2017 has been the year of partnerships for Oerlikon. The Swiss company has been pursuing additive manufacturing with new intensity over the past six months or so, opening a new advanced materials manufacturing facility towards the end of 2016 and forming 3D printing research partnerships earlier this year. This week, Oerlikon has been busy attending the International Paris Air Show, and while there, the company had a big announcement: it’s now partnering with GE Additive.
The two companies signed a Memorandum of Understanding (MoU) aimed at accelerating the industrialization of additive manufacturing. This news, of course, comes only a day after GE Additive announced that it will be releasing its own metal 3D printer, the massive ATLAS, set to be the largest laser-powder additive manufacturing system in the world. It was a long-awaited announcement, and we can’t help but wonder if Oerlikon may now get to be one of the first to try the machine out. Under the terms of the five-year agreement, GE Additive, along with its affiliates Concept Laser and Arcam, will supply additive manufacturing machines and services to Oerlikon, while Oerlikon will become a preferred AM component manufacturer and materials supplier to GE Additive and its affiliates.
In addition, the companies will work together on research and development into additive manufacturing machines and materials.
“Developing innovative technology is key to our growth strategy and a distinct advantage Oerlikon brings to customers,” said Dr. Roland Fischer, CEO of the Oerlikon Group. “Partnering with GE Additive, Concept Laser and Arcam AB on innovative AM materials and machines will strengthen both companies’ positions in additive manufacturing, and allows us to meet the growing demand for additive components, materials and services in many industries.”
GE Additive has already announced that it will be working with other companies on materials development; when 3DPrint.com spoke with GE’s Dr. Kirk Rogers a few weeks ago, he commented that he’d like to see the company follow an open materials development model similar to that being used by HP. It’s unclear, at this point, if GE Additive will actually go down that road to the extent that HP has, but the announcement of a research and development collaboration immediately after the announcement of the new 3D printer points to a definite openness towards working with others in the industry.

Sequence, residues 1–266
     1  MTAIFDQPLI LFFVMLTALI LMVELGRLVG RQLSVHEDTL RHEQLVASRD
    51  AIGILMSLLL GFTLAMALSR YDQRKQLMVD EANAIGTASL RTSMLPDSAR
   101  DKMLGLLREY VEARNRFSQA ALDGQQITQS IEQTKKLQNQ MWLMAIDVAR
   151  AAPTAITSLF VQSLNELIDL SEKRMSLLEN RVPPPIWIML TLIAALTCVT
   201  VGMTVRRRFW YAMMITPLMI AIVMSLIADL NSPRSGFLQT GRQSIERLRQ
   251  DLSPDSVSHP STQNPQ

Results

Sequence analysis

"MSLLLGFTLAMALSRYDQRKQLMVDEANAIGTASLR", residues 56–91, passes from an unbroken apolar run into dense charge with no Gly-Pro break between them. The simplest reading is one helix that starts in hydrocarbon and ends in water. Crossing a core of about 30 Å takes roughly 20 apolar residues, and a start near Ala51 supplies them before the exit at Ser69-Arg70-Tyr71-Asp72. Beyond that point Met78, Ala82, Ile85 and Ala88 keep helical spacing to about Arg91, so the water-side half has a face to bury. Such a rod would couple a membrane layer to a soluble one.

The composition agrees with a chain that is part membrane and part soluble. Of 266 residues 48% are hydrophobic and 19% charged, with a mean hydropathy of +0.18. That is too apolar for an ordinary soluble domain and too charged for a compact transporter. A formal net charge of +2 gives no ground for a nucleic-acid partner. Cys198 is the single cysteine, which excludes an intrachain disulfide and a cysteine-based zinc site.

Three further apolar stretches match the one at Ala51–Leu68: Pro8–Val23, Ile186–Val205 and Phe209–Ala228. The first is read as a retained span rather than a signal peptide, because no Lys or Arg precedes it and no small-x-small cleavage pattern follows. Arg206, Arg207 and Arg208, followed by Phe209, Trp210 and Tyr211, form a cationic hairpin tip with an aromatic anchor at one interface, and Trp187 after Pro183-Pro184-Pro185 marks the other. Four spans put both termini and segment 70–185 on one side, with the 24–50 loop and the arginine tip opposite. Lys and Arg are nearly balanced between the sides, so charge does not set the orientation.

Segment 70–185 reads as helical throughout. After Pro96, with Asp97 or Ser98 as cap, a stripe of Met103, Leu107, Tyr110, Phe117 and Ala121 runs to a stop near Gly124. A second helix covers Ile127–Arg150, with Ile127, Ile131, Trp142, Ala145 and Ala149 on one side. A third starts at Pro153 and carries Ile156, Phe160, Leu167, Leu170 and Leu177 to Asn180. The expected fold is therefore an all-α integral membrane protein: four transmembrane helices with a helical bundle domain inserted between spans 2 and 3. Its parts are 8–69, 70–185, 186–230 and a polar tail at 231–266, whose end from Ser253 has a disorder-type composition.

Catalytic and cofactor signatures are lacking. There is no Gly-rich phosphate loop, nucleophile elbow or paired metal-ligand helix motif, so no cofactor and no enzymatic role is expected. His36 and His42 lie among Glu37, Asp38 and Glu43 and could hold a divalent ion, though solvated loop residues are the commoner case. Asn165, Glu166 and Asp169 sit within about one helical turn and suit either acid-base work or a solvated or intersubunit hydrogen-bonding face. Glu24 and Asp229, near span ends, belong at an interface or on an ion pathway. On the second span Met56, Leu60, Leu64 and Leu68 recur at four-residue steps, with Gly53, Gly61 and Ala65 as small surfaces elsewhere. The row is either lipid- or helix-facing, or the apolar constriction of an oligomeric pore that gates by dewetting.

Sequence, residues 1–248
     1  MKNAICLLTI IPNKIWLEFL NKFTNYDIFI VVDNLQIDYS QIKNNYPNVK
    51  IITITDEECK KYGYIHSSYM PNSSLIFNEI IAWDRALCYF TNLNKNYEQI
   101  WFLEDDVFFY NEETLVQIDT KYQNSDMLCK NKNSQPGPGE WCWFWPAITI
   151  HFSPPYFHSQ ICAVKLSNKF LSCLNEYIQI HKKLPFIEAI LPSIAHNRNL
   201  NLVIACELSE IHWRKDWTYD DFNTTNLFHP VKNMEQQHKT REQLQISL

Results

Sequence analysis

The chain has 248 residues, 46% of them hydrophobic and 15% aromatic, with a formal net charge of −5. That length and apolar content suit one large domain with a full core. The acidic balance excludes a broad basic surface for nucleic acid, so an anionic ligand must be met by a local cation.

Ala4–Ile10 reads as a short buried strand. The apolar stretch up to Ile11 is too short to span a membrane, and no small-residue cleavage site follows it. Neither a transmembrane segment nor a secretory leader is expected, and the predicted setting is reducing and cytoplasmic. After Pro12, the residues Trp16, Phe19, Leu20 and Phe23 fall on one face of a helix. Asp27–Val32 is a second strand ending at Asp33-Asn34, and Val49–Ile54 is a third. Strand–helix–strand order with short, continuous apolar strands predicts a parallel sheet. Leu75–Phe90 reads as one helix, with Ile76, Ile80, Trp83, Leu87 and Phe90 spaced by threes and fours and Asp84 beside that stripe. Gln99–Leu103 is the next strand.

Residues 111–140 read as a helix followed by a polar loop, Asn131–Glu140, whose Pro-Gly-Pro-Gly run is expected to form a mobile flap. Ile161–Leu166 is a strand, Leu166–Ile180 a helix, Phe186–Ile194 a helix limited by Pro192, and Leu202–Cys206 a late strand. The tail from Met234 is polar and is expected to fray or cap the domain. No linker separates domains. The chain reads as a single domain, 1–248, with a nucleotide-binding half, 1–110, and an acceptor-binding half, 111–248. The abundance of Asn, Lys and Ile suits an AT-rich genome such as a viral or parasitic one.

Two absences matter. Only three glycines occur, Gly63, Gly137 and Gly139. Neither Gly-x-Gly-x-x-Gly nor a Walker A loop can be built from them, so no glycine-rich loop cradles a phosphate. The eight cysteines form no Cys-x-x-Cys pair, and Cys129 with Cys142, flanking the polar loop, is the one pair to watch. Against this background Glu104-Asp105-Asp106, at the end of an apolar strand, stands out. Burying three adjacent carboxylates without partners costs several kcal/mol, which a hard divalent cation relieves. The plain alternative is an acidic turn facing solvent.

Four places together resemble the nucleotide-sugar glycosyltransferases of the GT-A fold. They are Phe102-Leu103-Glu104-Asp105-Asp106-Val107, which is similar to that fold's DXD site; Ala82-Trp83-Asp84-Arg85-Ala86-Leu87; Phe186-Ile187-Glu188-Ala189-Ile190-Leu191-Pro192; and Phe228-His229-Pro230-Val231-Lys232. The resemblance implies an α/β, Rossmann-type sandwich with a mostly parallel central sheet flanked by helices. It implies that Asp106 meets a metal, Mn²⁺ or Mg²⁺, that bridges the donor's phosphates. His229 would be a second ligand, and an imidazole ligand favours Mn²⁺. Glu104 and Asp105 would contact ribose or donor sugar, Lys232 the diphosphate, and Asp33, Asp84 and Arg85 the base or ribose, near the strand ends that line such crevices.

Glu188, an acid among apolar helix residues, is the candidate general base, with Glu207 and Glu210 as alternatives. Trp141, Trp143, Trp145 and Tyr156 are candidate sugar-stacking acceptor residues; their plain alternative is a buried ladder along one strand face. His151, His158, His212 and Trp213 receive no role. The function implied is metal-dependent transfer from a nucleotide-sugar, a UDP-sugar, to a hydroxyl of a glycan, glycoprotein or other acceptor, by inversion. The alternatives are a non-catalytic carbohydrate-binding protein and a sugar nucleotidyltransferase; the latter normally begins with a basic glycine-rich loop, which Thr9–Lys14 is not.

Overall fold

Oerlikon is a smart choice of a partner, as well, as it’s already a leader in advanced materials and will only strengthen its capabilities with the new facility in Michigan. As additive manufacturing shifts from a strictly prototyping to a production technology, many companies are turning their attention to the development of advanced materials in order to speed that shift.
GE Additive’s announcement of the ATLAS 3D printer may have been the biggest piece of news the company has released since the formation of the additive division itself in 2016. Now that the company is officially in the 3D printer market, it’s not surprising that collaborations such as this one are already in the works. We’re seeing plenty of companies unite with the goal of driving the industrialization of 3D printing, and this latest may very well be the first of many for GE Additive as it works toward bringing the ATLAS to market. Discuss in the Oerlikon GE forum at 3DPB.com.
“GE Additive and Oerlikon both understand the transformative power of additive manufacturing,” said Mohammad Ehteshami, Vice President and General Manager of GE Additive. “As the adoption rate of AM grows rapidly, it is through strategic partnerships that we can push forward the uptake of AM in industries, and we’re proud to partner with Oerlikon.”